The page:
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Thursday, April 24, 2008

Death-penalty foe fined by court

Lawyer who prevented client's asset seizure claims case was aimed at silencing him

Staff writer

The Tokyo High Court on Wednesday overturned a lower court ruling and fined lawyer Yoshihiro Yasuda ¥500,000 for obstructing compulsory seizures of the assets of his client by moneylenders between 1993 and 1996.

The court case has been closely watched because Yasuda, 60, is known as a prominent opponent of capital punishment who earlier led the defense for Shoko Asahara, founder of the Aum Shinrikyo cult.

He was also the chief defense lawyer for a man sentenced to death Tuesday for killing a 23-year-old woman and her 11-month-old daughter in Yamaguchi Prefecture in 1999 — a controversial case that drew nationwide attention because the defendant was a minor at the time of the murders.

Yasuda's attorneys in the case against him had argued that the obstruction charges were concocted by prosecutors with a political motivation — as an attempt to intimidate the vocal lawyer and "silence the annoyance."

He immediately appealed to the Supreme Court.

In handing down the ruling, presiding Judge Kohei Ikeda said Yasuda devised a clever scheme for his client — a bankrupt real estate company — to avoid income seizures.

Ikeda said Yasuda was merely an accomplice in the crime, but the judge described his advice as "malicious acts" which ultimately resulted in the obstruction.

"The defendant has continued to deny his involvement with a variety of excuses, and has shown no signs of self-examination," Ikeda said.

According to the verdict, Yasuda conspired with the real estate company's executives and advised them to ask tenants of its buildings to deposit rent in two dummy accounts. The act prevented some ¥200 million from being seized by moneylenders.

Tokyo-based Sun's Corporation Tokyo Ltd. was a major borrower from the failed "jusen" mortgage lenders. Yasuda acknowledged during earlier sessions of the trial that he tried to help his client escape asset seizures by relocating its rent income, but argued that his advice was within the boundaries of the law.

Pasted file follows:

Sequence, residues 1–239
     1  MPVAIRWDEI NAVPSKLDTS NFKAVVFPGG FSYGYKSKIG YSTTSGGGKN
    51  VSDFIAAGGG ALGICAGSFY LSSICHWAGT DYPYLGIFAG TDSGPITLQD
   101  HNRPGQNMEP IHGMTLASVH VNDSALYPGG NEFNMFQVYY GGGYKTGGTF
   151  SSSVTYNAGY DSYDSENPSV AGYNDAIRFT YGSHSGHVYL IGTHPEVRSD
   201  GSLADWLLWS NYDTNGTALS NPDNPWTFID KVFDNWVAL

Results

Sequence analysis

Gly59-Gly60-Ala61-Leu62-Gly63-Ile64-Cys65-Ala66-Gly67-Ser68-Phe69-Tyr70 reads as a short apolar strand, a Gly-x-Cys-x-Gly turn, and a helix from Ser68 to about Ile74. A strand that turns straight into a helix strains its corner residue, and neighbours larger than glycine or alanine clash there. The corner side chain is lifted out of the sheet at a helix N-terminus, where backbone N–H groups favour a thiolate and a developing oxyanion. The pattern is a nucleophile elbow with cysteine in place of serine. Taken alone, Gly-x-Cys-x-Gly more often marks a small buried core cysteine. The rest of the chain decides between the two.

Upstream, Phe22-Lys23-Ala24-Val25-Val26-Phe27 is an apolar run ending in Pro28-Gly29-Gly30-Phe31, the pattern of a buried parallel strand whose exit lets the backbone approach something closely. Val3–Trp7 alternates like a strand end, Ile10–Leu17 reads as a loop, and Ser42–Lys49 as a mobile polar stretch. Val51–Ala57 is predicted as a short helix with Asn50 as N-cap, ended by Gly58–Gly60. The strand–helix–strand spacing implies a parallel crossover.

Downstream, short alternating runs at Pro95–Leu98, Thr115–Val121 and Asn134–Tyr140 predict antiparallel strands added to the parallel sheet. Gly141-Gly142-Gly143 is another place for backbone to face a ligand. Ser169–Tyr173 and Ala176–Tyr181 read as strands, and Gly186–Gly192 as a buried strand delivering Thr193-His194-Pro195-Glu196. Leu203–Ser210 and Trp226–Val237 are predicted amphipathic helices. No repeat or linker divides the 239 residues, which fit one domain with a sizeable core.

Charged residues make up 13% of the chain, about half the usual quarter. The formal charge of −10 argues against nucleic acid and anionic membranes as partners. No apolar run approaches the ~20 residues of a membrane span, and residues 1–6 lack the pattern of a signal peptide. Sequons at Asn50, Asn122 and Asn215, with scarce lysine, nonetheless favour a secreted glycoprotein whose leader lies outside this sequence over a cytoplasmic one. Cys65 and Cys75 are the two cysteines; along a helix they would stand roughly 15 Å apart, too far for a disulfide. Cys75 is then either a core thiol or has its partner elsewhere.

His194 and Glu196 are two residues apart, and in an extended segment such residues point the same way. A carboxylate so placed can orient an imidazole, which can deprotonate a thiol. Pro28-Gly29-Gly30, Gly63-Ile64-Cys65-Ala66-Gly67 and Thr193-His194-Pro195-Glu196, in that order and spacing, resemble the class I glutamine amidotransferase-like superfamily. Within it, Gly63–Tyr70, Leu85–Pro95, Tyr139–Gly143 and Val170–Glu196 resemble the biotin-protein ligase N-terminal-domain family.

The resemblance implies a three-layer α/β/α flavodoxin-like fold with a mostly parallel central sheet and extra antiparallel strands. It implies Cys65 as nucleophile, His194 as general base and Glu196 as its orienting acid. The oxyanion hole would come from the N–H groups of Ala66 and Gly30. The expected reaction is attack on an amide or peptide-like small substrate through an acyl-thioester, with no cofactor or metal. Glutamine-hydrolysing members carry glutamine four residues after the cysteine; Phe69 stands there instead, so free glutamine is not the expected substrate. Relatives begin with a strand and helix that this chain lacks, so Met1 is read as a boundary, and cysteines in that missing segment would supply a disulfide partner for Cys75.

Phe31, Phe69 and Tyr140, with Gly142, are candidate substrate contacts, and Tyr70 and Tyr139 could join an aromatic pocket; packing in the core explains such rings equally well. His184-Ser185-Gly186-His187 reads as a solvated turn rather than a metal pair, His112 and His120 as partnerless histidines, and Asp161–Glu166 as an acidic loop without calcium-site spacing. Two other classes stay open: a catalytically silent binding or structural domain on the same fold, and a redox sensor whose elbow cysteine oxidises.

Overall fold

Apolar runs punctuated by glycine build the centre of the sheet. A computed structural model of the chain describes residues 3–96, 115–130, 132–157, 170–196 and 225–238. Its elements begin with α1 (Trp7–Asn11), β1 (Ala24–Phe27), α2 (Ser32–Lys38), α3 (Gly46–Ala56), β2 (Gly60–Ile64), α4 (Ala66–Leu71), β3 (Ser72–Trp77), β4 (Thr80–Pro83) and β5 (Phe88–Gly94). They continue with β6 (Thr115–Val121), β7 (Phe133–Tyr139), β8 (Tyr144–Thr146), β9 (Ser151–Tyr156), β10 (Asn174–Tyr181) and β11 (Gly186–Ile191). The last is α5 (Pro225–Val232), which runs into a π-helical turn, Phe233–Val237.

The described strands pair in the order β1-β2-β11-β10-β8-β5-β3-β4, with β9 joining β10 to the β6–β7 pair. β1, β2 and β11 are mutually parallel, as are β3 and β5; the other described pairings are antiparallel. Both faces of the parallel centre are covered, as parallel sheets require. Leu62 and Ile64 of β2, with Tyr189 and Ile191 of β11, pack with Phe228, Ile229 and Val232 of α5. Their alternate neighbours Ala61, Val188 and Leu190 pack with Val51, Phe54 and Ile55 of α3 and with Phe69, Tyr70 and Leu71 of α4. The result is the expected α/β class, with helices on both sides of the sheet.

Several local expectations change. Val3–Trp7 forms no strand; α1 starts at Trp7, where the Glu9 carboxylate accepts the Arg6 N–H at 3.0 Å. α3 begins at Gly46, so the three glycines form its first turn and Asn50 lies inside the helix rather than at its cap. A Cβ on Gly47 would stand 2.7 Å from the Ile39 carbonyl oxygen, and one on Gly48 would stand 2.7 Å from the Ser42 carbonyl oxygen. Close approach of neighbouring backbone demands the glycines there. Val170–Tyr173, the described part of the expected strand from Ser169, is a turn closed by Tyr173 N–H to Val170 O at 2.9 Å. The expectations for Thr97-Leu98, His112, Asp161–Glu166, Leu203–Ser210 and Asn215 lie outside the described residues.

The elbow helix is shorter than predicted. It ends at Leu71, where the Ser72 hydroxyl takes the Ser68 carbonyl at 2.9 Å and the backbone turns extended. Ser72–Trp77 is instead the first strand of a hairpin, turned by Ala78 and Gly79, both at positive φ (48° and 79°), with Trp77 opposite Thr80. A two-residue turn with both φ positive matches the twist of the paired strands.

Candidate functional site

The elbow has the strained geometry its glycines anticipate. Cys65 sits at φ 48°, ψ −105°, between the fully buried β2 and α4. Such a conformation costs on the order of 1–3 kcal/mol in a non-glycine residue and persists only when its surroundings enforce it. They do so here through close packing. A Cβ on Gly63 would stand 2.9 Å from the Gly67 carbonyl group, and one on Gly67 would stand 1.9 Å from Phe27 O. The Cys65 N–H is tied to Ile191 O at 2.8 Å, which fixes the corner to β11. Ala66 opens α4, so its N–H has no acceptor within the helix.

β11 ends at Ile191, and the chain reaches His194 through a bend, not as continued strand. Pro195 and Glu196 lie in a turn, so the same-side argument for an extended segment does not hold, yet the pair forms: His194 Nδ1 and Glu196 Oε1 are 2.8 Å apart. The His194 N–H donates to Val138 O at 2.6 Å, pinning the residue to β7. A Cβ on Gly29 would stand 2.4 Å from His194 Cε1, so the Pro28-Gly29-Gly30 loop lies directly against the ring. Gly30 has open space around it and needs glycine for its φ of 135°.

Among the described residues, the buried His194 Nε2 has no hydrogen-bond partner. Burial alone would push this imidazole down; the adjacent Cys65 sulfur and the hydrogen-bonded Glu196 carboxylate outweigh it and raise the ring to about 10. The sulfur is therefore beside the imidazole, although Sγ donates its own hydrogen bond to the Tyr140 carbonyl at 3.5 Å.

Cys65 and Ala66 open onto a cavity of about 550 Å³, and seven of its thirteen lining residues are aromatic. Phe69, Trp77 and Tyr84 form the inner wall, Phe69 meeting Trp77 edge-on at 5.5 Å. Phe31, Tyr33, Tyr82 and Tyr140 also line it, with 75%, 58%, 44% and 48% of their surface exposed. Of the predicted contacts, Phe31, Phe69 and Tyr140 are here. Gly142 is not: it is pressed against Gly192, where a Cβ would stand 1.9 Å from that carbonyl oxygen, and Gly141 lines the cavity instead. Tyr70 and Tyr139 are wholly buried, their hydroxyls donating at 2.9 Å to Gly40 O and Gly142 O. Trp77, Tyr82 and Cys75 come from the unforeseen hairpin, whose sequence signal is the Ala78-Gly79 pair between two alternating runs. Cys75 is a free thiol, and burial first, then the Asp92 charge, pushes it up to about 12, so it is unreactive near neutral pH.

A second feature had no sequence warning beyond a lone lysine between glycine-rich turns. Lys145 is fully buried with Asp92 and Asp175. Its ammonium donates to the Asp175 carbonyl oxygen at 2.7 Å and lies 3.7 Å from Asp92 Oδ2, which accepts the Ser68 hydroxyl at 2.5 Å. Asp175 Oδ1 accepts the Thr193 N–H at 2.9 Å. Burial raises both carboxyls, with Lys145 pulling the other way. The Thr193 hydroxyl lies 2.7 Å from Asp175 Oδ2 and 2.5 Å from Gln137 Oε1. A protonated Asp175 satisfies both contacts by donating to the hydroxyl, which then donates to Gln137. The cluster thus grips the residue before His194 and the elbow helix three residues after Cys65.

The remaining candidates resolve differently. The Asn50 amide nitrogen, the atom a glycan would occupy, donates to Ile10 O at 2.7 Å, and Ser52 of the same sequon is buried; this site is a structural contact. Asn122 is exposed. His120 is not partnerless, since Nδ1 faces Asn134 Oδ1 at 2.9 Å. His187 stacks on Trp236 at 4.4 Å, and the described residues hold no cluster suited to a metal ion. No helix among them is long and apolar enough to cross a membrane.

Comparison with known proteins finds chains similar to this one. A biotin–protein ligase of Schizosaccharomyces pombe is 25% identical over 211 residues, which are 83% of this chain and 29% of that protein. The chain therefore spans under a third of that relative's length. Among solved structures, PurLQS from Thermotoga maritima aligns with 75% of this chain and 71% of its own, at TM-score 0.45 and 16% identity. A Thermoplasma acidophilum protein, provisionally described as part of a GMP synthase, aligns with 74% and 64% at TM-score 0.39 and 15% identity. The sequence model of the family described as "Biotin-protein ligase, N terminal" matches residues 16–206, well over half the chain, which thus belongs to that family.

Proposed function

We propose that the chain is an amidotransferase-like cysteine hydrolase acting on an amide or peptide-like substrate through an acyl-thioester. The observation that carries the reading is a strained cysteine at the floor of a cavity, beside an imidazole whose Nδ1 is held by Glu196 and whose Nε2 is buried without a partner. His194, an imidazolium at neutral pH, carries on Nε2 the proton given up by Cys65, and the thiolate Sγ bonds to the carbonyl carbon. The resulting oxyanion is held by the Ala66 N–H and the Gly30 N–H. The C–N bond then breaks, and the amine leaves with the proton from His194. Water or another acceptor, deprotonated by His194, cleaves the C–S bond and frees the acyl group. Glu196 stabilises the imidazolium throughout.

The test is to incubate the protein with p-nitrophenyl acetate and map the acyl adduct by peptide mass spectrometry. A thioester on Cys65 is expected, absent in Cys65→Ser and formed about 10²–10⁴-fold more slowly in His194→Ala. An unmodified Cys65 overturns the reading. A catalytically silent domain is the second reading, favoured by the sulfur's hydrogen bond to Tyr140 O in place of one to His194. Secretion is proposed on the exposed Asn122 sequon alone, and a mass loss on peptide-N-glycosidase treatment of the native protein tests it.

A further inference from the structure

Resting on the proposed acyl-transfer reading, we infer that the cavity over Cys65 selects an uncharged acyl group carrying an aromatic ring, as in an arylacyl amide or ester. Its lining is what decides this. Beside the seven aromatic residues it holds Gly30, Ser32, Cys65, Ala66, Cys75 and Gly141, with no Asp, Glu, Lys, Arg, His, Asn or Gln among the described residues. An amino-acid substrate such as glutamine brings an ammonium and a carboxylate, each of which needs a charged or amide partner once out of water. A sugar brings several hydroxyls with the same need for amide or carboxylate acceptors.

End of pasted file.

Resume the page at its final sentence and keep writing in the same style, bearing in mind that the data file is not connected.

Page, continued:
Yasuda and two executives from the real estate company were arrested in 1998 while the lawyer was heading the defense for Asahara's trial. He was held for approximately 10 months following the arrest.

Prosecutors alleged that the transactions were "clearly an attempt to obstruct compulsory seizure" and demanded a two-year prison term.

Yasuda's defense attorneys, however, countered that he was performing his job as a lawyer and advised his client to separate its leasing division accounts to secure jobs and payments for its workers.

"This verdict is extremely politically motivated," lawyer Makoto Iwai told reporters after the ruling. "I am very disappointed."

He said the decision will discourage lawyers from properly carrying out their jobs.

The Tokyo District Court in December 2003 acquitted Yasuda of the charges on the grounds that the lawyer's advice was justifiable and the intention was to help rebuild the failing company. The two executives meanwhile had their suspended prison terms finalized in March 2006.

Yasuda maintained his innocence throughout the trial, while approximately 2,100 lawyers registered as his defense attorneys to back his appeal.

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The Japan Times

Article 3 of 11 in National news

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